Saturday, April 12, 2014

Let's Talk About It!

I was an intermediate teacher (mostly at sixth grade) for twenty-two years before becoming a K-5 Technology Specialist. In my third year, I still struggle with instructional design for my Kindergarteners.

One strategy I have been using more frequently is to work on oral skills. As students play games or work on a digital task, I stroll by them, observing and making comments or asking questions. When I take the time to carefully watch their activity, I can easily find "teachable moments."

Here are some recent examples.

"Let's count together, 1,2,3,4,5...what comes after 5?"

"Where do these animals live?"

"What animal is this?"

"Which animal do you like most?"

"What happens when you click on the curved arrows?"

"Please point to the square."

"How does this game work?"

"Can you tell me how you do this?"

"What are you making?"

"Do you have a favorite drawing tool?"

Through these short interactions, I can communicate with each child individually. We can make connections, share an idea and develop oral language skills. I can also observe skills a student is using, find a teaching point or correct a misconception.

Thursday, February 6, 2014

Pass the Story Please!

My fourth graders are working on writing fiction. We added two twists using Google docs. Each student created a document in which they started writing a story with two characters. They are creating rebus stories, in which some words are omitted and are replaced by images.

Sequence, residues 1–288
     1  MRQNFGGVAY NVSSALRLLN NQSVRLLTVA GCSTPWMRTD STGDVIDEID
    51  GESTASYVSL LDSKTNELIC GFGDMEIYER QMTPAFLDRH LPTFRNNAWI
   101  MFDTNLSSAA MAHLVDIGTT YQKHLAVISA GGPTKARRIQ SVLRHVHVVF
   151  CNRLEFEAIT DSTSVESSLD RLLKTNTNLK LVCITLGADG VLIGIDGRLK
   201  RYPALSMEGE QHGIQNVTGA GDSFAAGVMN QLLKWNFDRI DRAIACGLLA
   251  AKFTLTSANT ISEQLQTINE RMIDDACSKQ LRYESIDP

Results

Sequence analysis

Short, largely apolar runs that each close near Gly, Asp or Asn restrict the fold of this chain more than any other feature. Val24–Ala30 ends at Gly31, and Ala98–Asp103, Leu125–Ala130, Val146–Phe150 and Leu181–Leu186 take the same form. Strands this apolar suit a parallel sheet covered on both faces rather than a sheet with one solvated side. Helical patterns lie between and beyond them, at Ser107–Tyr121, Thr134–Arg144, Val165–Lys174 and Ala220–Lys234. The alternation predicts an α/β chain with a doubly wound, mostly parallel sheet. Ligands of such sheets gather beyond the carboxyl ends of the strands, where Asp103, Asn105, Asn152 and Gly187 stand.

Using Google documents makes this task seamless. Using the research tools, students can conduct searches in the same window in which they are writing. Research is opened under "Tools."

Students select "images" (signified by the camera icon) in the pull down menu of the search window. I help them narrow the type of images they find by asking them to use "clip art ______." When they find an image they wish to use in their story, they simply drag it into the sentence and resize it. If they want to use the same image later in their story, it is easy to copy and paste it.

Students wrote the beginning of their story only. They then shared their document with a classmate designated by me. Each student went to their "Shared with me" folder to find their classmate's story beginning. After reading the story beginning and selecting a different font, they continued the story. My instructions gave them freedom to change anything about the story except the characters. After writing the middle of the story, they share it with a third student who changes the font again and writes the story ending.

Students enjoyed writing these collaborative rebus stories.

Sunday, February 2, 2014

Need to gather information easily? Try Google forms!

Our district now has Google Apps For Education (GAFE).  I have a difficult time answering the question, "Which App is the most useful?" I am really enjoying docs, presentations and drawings. When I need to assess students or gather information from students or staff, I use forms.